Murder suspect who sparked Hong Kong extradition bill crisis to turn himself in to Taiwan

Chan Tong-kai is set to turn himself in to the Taiwanese authorities.
PHOTO: South China Morning Post

A soon-to-be-released murder suspect, originally at the centre of Hong Kong's political crisis sparked by the government's now-withdrawn extradition bill, has decided to turn himself in to Taiwan authorities, the Post has learned.

Reverend Canon Peter Koon Ho-ming, a top Anglican priest who has been visiting Chan Tong-kai weekly in jail, said the 20-year-old, wanted on the self-ruled island for the murder of his pregnant girlfriend, hoped the move would calm the chaos in his home city.

Chan was jailed last year over money laundering charges and will be released next Wednesday.

"I have been visiting him for more than half a year now. At first he was worried about turning himself in, but after talking to lawyers from Taiwan and with his family, he made the decision last month," said the provincial secretary general of the city's Anglican Church.

Hong Kong leader Carrie Lam Cheng Yuet-ngor had held up his case as the primary justification for the bill, arguing that fugitives such as Chan were able to avoid justice because of a lack of extradition agreements with jurisdictions such as Taiwan. Opposition to the bill - which also sought to expand extradition to other jurisdictions, including mainland China - triggered months of unrest that is showing no signs of dying down.

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An expert in Taiwan's criminal law said its legislation might limit Chan from entering into a plea bargain with the prosecution there, nor could he be exempted from capital punishment after the trial.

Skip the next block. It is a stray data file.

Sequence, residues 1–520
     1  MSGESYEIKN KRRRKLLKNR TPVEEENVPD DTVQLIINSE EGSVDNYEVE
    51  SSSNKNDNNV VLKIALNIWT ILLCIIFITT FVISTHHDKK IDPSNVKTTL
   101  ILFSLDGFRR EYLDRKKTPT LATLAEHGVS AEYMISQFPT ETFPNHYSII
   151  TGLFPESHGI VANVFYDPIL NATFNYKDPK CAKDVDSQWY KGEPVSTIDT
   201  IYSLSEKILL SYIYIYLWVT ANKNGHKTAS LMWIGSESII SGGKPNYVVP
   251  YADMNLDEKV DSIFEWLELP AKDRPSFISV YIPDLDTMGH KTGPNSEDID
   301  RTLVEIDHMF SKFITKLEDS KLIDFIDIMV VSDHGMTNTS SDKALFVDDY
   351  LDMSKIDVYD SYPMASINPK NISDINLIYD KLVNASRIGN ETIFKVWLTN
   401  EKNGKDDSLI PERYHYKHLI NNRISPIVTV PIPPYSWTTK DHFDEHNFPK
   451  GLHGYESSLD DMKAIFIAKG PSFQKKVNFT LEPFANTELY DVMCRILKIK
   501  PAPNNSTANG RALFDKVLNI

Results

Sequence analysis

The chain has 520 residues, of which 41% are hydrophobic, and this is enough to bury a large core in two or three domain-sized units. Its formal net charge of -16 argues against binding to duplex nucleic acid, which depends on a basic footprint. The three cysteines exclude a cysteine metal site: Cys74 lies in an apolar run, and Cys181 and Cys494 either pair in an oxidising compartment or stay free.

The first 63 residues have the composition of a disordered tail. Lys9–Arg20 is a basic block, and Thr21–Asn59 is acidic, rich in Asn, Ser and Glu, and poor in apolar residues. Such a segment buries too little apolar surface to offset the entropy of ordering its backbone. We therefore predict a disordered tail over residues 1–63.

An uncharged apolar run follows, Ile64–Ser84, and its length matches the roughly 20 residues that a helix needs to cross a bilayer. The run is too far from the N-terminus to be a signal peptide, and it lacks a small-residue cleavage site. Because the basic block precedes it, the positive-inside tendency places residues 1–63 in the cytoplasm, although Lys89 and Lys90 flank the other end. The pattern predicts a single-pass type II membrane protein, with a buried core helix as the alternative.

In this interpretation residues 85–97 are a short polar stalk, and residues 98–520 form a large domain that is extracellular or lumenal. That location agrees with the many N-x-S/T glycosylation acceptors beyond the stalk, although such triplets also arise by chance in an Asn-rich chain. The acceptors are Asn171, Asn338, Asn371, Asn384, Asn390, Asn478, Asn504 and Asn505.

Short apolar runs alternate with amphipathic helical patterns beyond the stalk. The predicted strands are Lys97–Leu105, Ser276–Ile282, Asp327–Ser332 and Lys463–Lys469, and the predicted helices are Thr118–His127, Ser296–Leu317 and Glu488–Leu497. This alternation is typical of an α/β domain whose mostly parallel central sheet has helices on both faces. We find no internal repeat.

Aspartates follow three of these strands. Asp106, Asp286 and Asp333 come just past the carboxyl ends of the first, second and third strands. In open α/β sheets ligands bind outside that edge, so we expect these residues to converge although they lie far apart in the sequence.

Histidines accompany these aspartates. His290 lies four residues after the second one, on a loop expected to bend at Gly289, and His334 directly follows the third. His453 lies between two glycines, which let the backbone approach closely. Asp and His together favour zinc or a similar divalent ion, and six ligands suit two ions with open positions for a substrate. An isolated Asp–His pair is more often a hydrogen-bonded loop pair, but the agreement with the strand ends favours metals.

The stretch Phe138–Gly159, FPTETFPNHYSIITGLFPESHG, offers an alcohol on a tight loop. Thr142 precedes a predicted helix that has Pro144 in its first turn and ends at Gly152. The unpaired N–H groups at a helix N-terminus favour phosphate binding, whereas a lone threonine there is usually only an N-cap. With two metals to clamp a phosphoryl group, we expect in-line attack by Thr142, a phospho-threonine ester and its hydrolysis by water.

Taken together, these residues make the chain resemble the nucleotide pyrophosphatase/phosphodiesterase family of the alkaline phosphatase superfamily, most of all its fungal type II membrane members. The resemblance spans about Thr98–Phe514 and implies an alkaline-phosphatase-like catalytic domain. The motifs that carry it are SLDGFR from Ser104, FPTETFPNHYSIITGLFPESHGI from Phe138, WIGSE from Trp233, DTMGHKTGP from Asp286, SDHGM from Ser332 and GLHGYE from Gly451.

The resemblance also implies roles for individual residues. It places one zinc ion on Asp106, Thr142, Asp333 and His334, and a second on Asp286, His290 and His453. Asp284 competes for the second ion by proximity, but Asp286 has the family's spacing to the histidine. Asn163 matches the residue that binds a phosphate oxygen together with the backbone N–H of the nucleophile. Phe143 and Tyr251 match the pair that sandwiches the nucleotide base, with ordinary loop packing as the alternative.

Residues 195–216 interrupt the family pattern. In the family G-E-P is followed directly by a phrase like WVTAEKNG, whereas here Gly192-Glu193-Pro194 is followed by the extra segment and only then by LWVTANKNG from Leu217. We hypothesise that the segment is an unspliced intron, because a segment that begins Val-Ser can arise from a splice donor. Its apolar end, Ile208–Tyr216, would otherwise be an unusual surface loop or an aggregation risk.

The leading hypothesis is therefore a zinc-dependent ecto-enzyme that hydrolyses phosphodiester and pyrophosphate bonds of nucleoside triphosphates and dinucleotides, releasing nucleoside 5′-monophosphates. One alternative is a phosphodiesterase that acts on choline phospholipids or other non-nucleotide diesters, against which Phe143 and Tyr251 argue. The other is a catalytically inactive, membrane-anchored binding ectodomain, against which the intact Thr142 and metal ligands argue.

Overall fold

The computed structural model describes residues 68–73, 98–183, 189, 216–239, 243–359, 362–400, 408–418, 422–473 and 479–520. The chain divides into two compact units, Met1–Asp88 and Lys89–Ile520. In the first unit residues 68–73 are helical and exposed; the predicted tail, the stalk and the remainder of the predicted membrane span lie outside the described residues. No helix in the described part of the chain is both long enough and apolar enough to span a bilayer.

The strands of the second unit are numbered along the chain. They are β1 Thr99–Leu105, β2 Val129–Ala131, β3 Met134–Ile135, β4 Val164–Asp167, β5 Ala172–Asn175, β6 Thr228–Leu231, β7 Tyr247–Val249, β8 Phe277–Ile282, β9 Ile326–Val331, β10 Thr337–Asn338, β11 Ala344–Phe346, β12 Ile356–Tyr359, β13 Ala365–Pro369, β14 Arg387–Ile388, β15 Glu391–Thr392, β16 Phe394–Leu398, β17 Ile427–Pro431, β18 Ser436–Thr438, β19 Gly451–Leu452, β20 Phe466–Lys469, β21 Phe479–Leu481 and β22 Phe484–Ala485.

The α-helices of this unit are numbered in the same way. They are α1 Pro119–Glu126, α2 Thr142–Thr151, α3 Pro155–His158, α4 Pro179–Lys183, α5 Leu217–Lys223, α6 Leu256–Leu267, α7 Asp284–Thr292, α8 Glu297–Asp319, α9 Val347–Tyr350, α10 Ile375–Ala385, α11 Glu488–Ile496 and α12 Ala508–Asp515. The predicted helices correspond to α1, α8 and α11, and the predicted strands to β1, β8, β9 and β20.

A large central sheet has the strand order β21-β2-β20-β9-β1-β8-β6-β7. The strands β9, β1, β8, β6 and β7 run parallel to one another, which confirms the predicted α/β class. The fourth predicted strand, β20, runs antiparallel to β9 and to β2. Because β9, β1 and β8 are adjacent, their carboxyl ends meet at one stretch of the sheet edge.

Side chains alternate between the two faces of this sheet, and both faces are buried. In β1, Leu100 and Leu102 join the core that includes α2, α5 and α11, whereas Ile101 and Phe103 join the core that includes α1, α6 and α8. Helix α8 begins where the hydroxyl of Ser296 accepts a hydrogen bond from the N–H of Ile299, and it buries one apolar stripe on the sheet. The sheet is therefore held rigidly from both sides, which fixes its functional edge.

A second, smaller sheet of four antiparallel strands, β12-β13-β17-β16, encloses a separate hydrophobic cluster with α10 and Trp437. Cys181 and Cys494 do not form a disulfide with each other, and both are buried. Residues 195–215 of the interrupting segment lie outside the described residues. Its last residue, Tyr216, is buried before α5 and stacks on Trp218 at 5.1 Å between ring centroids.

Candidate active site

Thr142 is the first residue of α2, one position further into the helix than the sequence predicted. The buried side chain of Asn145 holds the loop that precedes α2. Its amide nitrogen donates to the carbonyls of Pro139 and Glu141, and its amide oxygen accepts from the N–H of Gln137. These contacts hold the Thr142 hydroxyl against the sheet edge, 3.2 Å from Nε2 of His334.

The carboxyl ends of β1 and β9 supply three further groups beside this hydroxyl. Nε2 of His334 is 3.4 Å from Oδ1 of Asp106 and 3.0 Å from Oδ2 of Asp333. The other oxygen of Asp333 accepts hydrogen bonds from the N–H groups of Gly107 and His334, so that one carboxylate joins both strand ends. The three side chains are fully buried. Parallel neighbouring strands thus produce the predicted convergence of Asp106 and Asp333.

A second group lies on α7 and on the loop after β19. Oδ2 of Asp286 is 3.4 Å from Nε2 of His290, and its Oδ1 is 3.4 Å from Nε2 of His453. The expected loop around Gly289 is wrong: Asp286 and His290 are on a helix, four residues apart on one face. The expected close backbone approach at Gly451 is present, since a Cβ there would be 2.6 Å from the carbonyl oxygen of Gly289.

But Koon believed that would be unlikely.

"Lawyers told me that a convicted murderer would spend at least 10 years in jail. But if the offender pleads guilty, it is unlikely for him to face the death sentence or life imprisonment," he said.

"The death sentence is for criminals such as serial killers who plead not guilty. Who is going to turn himself in if you sentence someone like that to death?"

Chan's surprising move came just days before he was due to be released from prison in Hong Kong next Wednesday, after spending 18 months behind bars for money laundering.

Koon also said it was unlikely that Chan would go to Taiwan next week, as he needed to spend time with his family, and complete certain legal procedures before leaving Hong Kong.

Asked whether Chan had conveyed his intention, Taiwan's Ministry of Justice and Mainland Affairs Council responded by referring to a press statement on Thursday, which urged the Hong Kong authorities to continue to detain and investigate Chan beyond the current jail term.

Chan is wanted in Taiwan for allegedly killing his pregnant girlfriend in Taipei last year, but he later returned to Hong Kong and was arrested for money laundering over the use of the woman's money and property.

Criminal lawyer Hong Wei-sheng told the Post that under Taiwan law, prosecutors would not enter into a plea bargain for serious crimes such as murder.

"The furthest [one] could go, would be to plead for a lighter sentence after the trial. There is little chance to sue for a less serious offence," Hong said, adding that the prosecution also could not dictate what the court ruling might be.

But he also noticed that Taiwanese authorities had been reluctant to hand down the death penalty, as it was up to the administration's discretion.

This article was first published in South China Morning Post